Shaping the Future of Modern Music Cities Eurovision Legacy Conference Lands in Liverpool

On Friday 14 July, Modern Music Cities will ask what contemporary music cities look like presently and need to look like in the future, with a dynamic programme of insightful discussions, engaging panels, and thought-provoking presentations.

Industry experts, music creatives, cultural leaders, and policymakers will explore the significance of music cities, their cultural impact, the role of technology and industry organisations, diversity and inclusion efforts, and future prospects for the music industry within these cities.

A presentation by award-winning author and thought-leader Seth Godin will Reimagine Music Cities, exploring opportunities for them and their leaders, whilst Jamaican author, essayist and literary scholar Professor Emerita Carolyn Cooper will share the journey of Kingston as a leading music city.

Sound Diplomacy’s Shain Shapiro explores the definition of a music city and the steps involved in creating one, whilst expert panellists from around the world delve into the influence and impact on culture and industry.

A discussion on how tech is transforming music scenes and impacting creators features Spotify’s Bryan Johnson, visionary musician Gaika, Metaverse expert Des Agyekumhene, and DJ / thought-leader Elijah Cushnie. And Music Week’s Ben Homewood hosts a panel on the role of frontline industry organisations in fostering growth and sustainability in music cities, featuring Scott Lewis of EMI North and CEO of Soundcity Becky Ayres, amongst others.

Chair of the UK Music Diversity Task Force, Ammo Talwar MBE highlights the efforts in promoting diversity and inclusion in the music industry, and the Launch of the Liverpool City Region ReMap Report on Black Music, will be presented by Chair of the Liverpool City Region Black Music Action Group, Jennifer John.

Looking to the future, emerging music creator Ni Maxine hosts a roundtable discussion on the needs and aspirations of the next generation of music creators and professionals, whilst UNESCO City of Music Officer for Liverpool, Kevin McManus explores the impact of major events like Eurovision in elevating a music city’s brand while supporting the local music sector.

Award-winning author and thought leader Seth Godin said: “I’m thrilled to be beaming in to talk about the magic of connection and how music cities can create the conditions for the kind of creativity we need right now.”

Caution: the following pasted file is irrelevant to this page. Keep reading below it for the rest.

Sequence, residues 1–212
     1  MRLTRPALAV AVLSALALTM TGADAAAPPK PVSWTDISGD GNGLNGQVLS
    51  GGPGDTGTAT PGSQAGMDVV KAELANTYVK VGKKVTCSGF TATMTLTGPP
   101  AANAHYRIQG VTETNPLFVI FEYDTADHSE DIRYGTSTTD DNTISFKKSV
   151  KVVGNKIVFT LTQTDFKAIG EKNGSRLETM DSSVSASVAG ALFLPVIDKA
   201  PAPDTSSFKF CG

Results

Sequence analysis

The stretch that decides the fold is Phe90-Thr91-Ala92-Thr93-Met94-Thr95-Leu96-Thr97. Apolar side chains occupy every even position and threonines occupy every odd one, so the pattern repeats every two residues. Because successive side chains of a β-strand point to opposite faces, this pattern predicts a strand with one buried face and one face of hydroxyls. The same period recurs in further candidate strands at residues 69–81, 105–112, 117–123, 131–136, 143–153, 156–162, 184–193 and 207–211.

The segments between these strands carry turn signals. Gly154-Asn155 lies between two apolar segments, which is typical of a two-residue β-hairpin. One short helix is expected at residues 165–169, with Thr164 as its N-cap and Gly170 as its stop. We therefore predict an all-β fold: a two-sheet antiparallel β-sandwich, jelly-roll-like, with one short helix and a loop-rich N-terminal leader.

Jamaican author, essayist and literary scholar Professor Emerita Carolyn Cooper, said, “I am pleased to be part of the Modern Music Cities Conference, a creative platform where I can share my vision of Jamaica as a cultural superpower. The diverse musical genres originating from the city of Kingston have had a global impact completely disproportionate to the physical size of the island. Wi likl bot wi talawa. (We’re small but we’re powerful.)”

UNESCO City of Music Officer for Liverpool, Kevin McManus, said: “Renowned thought leaders and practitioners in the field of music are convening in Liverpool to ignite discussions on the key elements that define a modern music city and explore its future prospects. With a focus on developing and safeguarding international music city brands, these vital discussions will delve into what constitutes a music city and how technology and globalisation might shape its trajectory moving forward.”

Director of Culture Liverpool, Claire McColgan, said: “I’m delighted we have this event, packed with some of the keenest minds in the music industry, so soon after Eurovision to dive into the finer details of its success and explore how a city can use music to shape its ambitions and fine-tune its identity and story as an exciting place to be.”

Eurovision Minister Stuart Andrew said: “Liverpool put on a blockbuster Eurovision Song Contest showcasing Ukrainian culture and British creativity, clearly demonstrating that the city can brilliantly host the biggest music events. This conference will help to build on the legacy of Liverpool’s success so that both the city’s and UK’s music sector can continue to thrive in the years to come.”